Monday, April 2, 2018

Fw: TheList 4690

The List 4690

To All,
I hope that you all had a great weekend. This is a Bubba Breakfast Friday in  San Diego.
This Day In Naval History – April 2, 2018
April 2
1781—During the American Revolution, the Continental frigate Alliance, commanded by John Barry, captures the British privateers Mars and Minerva off the coast of France.  
1827 - First Naval Hospital construction begun at Portsmouth, VA
1898 - Adoption of U.S. Naval Academy coat of arms
1916—Lt. R.C. Saufley sets an altitude record for a U.S. Navy aircraft, 16,072 feet in a Curtiss pusher type hydroplane at Pensacola, FL, bettering the record he set on March 29th that was set with a record of 16,010 feet. 
1943—USS Tunny (SS 282) sinks the Japanese transport No.2 Toyo Maru west of Truk.
1947 - UN places former Japanese mandated islands under U.S. trusteeship
1951—Two F9F-2B Panthers of VF-191, each loaded with four 250- and two 100-pound general-purpose bombs, are catapulted from USS Princeton (CV 37) for an attack on a railroad bridge near Songjin, North Korea. This mission is the first U.S. Navy use of a jet fighter as a bomber.
1960—After floods cause destruction at Paramaribo, Suriname, USS Glacier (AGB 4) begins 12 days of relief operations, providing helicopter and boat transportation and emergency supplies to the residents.
1991—USS Chicago (SSN 721) arrives at San Diego, CA, homeport following Operation Desert Storm. During the six-month deployment, the attack submarine works with US and coalition forces deployed to the Southwest Asia area of operations, conducting surveillance and reconnaissance operations.
Executive Summary:
Top national headlines include China's announcement of tariffs against U.S. goods. CNN visited the USS Dewey as it was underway in the Philippine Sea, 120 years after U.S. Navy Commodore George Dewey led the U.S. to war against the Spanish in the Philippines, to discuss the North Korean threat, the South China Sea and the U.S.'s role in the Pacific. The Wall Street Journal reports that North Korea's response to the military drills that began on Sunday could shape President Trump's pending summit with North Korea. Michael Mazza, a research fellow at the American Enterprise Institute, said that Trump's more credible threats necessitate the exercises. "It is important to show that we're returning to business as usual, that the delay was an aberration rather than a precedent," Mr. Mazza said. Stars & Stripes report that this year's exercises are more subdued, in the lead up to the upcoming summits.
This Day in History
April 2
The United States authorizes the minting of the $10 Eagle, $5 half-Eagle & 2.50 quarter-Eagle gold coins as well as the silver dollar, dollar, quarter, dime & half-dime.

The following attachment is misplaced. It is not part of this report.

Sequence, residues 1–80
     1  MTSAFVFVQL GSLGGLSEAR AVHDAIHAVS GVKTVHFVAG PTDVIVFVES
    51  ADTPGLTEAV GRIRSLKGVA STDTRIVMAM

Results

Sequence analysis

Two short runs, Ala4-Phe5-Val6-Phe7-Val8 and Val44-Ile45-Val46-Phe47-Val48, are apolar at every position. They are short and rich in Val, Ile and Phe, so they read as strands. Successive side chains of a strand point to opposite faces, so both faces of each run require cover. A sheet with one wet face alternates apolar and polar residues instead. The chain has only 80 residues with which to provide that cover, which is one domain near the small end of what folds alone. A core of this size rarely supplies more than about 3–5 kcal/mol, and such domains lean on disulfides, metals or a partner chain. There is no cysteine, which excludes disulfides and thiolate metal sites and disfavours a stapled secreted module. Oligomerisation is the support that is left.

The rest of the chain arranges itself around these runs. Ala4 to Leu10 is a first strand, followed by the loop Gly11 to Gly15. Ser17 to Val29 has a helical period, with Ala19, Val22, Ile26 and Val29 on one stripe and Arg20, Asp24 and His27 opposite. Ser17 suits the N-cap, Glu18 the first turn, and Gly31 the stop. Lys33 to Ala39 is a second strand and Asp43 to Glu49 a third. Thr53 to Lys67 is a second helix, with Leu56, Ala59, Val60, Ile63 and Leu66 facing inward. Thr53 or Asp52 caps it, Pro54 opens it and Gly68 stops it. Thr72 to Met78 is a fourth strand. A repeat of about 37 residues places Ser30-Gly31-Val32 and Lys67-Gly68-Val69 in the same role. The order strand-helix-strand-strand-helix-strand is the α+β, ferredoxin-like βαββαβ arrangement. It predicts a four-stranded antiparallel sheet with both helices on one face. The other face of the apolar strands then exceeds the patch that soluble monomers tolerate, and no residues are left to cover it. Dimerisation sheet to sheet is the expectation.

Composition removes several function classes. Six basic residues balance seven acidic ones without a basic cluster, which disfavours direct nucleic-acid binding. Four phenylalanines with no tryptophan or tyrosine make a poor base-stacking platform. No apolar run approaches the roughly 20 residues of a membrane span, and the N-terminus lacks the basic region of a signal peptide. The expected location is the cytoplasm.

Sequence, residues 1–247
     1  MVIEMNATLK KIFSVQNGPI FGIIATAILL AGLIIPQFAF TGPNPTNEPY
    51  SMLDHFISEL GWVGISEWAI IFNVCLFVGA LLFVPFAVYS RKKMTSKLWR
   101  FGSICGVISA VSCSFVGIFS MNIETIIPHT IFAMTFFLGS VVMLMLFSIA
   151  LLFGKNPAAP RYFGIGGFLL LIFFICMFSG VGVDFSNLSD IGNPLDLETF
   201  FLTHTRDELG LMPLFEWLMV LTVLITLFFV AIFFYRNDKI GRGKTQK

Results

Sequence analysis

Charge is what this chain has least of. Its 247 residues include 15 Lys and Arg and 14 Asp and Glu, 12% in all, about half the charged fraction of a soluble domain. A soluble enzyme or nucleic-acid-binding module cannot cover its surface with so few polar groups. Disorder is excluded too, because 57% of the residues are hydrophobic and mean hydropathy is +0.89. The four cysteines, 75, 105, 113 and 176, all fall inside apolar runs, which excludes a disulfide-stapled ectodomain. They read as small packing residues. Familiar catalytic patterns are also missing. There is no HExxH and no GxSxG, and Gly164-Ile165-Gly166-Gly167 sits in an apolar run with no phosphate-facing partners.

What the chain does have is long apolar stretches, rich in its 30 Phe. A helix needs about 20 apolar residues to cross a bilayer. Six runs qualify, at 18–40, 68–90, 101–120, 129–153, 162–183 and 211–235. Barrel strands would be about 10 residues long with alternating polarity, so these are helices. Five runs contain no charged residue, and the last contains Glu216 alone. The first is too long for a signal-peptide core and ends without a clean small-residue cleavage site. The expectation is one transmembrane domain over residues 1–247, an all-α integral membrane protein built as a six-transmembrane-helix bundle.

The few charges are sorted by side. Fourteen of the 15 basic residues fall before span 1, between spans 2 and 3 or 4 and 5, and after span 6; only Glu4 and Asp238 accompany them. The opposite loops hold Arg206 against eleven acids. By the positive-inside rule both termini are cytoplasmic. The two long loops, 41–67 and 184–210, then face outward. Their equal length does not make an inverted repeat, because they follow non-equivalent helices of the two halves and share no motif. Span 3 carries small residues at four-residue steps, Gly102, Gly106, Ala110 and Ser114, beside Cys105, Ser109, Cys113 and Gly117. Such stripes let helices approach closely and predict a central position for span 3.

Haitian revolt leader Toussaint L'Ouverture takes command of French forces at Santo Domingo.
The British navy defeats the Danish at the Battle of Copenhagen.
Confederate President Jefferson Davis flees Richmond, Virginia as Grant breaks Lee's line at Petersburg.
Karl Harris perfects the process for the artificial synthesis of rubber.
The U.S. Federal Reserve Board announces plans to divide the country into 12 districts.
President Woodrow Wilson presents a declaration of war against Germany to Congress.
Jeannette Pickering Rankin is sworn in as the first woman to serve in the U.S. House of Representatives.
Virne "Jackie" Mitchell becomes the first woman to play for an all-male pro baseball team. In an exhibition game against the New York Yankees, she strikes out both Babe Ruth and Lou Gehrig.
Charles Lindbergh pays over $50,000 ransom for his kidnapped son.
Soviet forces enter Romania, one of Germany's allied countries.
The National Advisory Council on Aeronautics is renamed NASA.
Reverend Dr. Martin Luther King begins the first non-violent campaign in Birmingham, Alabama.
Argentina invades the British-owned Falkland Islands.
Today on Fighter Sweep
Watch: 1965 Naval Aviation Crash Landings "Safety is Your Business"
Classic US Navy training video. Naval aviation safety film includes Douglas A-4 Skyhawk footage, and clips of several bad landing crashes, including several carrier landing crashes (a Grumman F9F Panther, View More ›
Chinese Space Station Re-Enters Atmosphere
A defunct Chinese space lab has re-entered Earth's atmosphere and mostly burned up, authorities in Beijing said late Sunday. It was not immediately clear if the remains of the space View More ›
With our thanks to THE Bear at
April 2, 2018    Bear Taylor